Month: March 2017



    This article was originally researched and written by attorney at law, Raquel M. Gayle, Esq., during her association with BLACKMAN & MELVILLE, P.C.  The article is being edited and republished for reprint by Nigel E. Blackman, Esq.




An often unfamiliar but perfectly legitimate way in which to adjust the status of an immigrant seeking to obtain legal status in the United Sates — or even facing possible deportation— is the U-Visa.




The U-Visa was created as part of the Victims of Trafficking and Violence Protection Act of 2000, became a valid Visa on October 17th, 2007, and is available only to immigrants who have been victims of serious crimes.


The government’s interest in providing U-Visas to out of status immigrants is two-fold: (i) to provide for the protection of victims of serious crimes (given that many immigrants who fall victim to a crime are reluctant to involve or otherwise cooperate with police for fear of revealing their unlawful status); and (ii) to assist in the prosecution of criminal perpetrators.


If a victim is successfully granted a U-Visa he or she may become a legal permanent resident in just three years after receipt of the visa benefit. See Lee v. Holder, 599 F.3d 973, 975-76 (9th Cir. 2010) (noting that a U-Visa may be extended by certification of a law enforcement agency that the victim is needed in connection with further investigation and/or prosecution of the crime, and also that U-Visa applicants may apply for legal permanent residence after three years of receipt of the U-Visa and for naturalization at the end of five years). Moreover, immediately upon approval of a U-Visa, an immigrant is authorized to accept employment in the United States.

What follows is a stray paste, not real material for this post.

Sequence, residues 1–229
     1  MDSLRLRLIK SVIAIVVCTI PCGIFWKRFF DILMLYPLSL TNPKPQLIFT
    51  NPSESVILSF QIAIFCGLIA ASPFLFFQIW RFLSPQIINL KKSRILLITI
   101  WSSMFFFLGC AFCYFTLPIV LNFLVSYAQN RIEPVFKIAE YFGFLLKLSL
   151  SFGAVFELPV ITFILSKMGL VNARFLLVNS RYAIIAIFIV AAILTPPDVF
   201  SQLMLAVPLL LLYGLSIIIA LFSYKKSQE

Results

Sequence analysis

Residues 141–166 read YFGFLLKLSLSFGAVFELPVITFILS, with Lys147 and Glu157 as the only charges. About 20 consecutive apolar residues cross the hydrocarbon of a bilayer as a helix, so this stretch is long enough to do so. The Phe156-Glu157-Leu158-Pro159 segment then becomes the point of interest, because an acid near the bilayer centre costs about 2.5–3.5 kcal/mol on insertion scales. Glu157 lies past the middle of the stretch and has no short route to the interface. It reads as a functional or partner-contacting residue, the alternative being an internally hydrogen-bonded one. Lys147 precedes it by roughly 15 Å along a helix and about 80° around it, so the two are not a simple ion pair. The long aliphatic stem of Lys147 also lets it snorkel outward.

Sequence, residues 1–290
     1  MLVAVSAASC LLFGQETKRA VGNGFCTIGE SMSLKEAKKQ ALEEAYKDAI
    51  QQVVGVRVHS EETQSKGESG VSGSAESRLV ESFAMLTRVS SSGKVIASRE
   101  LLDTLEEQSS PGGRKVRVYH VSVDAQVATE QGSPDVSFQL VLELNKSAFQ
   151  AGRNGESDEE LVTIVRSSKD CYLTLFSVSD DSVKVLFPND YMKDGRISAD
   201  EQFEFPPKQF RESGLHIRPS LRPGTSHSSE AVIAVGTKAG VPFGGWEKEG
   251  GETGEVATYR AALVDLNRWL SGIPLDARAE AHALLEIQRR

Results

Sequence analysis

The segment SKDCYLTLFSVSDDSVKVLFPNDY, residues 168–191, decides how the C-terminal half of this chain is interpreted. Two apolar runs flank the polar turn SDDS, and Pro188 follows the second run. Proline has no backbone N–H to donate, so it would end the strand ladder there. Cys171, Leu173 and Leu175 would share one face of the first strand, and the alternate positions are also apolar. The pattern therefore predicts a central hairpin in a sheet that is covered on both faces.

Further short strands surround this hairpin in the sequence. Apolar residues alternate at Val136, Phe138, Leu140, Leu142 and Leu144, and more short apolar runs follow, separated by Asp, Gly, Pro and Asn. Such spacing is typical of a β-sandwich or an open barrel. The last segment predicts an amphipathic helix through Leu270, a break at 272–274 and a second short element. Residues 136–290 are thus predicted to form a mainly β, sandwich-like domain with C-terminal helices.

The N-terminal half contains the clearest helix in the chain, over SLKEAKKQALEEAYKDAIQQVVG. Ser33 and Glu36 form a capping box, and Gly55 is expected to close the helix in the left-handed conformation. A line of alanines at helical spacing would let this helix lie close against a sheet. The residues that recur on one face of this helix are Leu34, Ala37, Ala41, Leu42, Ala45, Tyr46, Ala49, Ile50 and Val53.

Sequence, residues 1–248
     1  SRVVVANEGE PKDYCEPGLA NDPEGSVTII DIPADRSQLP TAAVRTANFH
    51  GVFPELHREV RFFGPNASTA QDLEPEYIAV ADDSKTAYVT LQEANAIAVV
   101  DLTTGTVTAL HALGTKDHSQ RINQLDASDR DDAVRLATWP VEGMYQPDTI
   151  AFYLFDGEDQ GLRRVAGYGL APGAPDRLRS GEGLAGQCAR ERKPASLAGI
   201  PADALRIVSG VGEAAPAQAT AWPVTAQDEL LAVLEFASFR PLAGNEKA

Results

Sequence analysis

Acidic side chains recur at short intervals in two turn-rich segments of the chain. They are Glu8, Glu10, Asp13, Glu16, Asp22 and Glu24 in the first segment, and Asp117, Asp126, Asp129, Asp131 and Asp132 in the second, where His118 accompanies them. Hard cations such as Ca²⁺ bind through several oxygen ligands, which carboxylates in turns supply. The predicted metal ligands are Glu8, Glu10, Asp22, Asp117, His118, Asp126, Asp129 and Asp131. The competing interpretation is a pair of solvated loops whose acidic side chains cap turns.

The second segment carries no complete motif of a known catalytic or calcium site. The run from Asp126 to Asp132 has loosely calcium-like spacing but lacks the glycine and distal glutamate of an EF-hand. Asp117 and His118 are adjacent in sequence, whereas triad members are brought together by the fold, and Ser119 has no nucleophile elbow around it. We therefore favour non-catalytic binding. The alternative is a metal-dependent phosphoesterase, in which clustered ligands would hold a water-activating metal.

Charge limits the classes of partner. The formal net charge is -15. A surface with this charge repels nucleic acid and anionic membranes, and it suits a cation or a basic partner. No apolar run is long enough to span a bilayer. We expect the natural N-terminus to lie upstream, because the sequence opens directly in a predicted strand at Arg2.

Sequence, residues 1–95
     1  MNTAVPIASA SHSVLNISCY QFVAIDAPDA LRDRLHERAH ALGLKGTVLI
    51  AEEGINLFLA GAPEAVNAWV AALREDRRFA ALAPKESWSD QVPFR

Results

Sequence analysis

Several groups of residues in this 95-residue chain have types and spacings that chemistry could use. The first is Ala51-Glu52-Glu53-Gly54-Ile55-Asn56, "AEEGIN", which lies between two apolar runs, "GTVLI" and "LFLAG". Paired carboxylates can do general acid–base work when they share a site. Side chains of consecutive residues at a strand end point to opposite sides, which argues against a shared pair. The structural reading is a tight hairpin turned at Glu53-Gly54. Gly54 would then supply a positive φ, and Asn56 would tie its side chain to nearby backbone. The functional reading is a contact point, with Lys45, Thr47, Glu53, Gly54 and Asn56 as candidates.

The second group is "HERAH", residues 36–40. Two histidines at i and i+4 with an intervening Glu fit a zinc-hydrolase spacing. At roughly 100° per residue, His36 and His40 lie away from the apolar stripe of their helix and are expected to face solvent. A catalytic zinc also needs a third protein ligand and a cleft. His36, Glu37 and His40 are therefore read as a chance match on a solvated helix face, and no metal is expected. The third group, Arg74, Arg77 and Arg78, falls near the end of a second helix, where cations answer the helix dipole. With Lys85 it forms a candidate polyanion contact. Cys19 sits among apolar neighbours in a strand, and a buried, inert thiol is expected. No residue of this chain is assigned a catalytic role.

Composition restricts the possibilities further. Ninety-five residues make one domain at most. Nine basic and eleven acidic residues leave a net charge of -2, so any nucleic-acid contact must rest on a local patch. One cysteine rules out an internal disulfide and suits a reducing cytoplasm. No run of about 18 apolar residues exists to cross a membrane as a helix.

To qualify for a U-Visa you must meet certain statutory requirements, including being a victim or a victim of an attempt of one of the following crimes:


  • Domestic violence
  • Incest
  • Abusive sexual contact
  • Obstructing Justice
  • Felonious Assault
  • Blackmail
  • Abduction
  • Torture
  • Female Genital Mutilation
  • Extortion
  • Kidnapping and
  • Peonage (the practice of holding a person in servitude or partial slavery, as to work off a debt or serve a penal sentence).


The crimes listed above are considered “qualifying crimes” for eligibility for the U-Visa and you must have suffered physical or mental abuse in connection with one of the applicable crimes to be eligible.  Furthermore, the crime must have taken place in the United States, violate U.S. law, and your information about the crime must advance the prosecution or at least possibly lead to prosecution of the crime.  Finally, certification by a law enforcement agency that you qualify for a U-visa is at the discretion of the law enforcement agency where the request is made and no more than 10,000 U-visa applicants may be awarded a U-Visa per fiscal year. Spouse, children and other qualifying relatives who apply under the primary U-Visa’s application are not subject to the 10,000 person limitation. See 8 CFR 1101(a)(15)(U)(iii).




Processing of the U-Visa application involves first having a law enforcement agency certify that the crime as eligible under the U-Visa requirements and second that the applicant has been cooperative and helpful in the investigation and prosecution of the crime.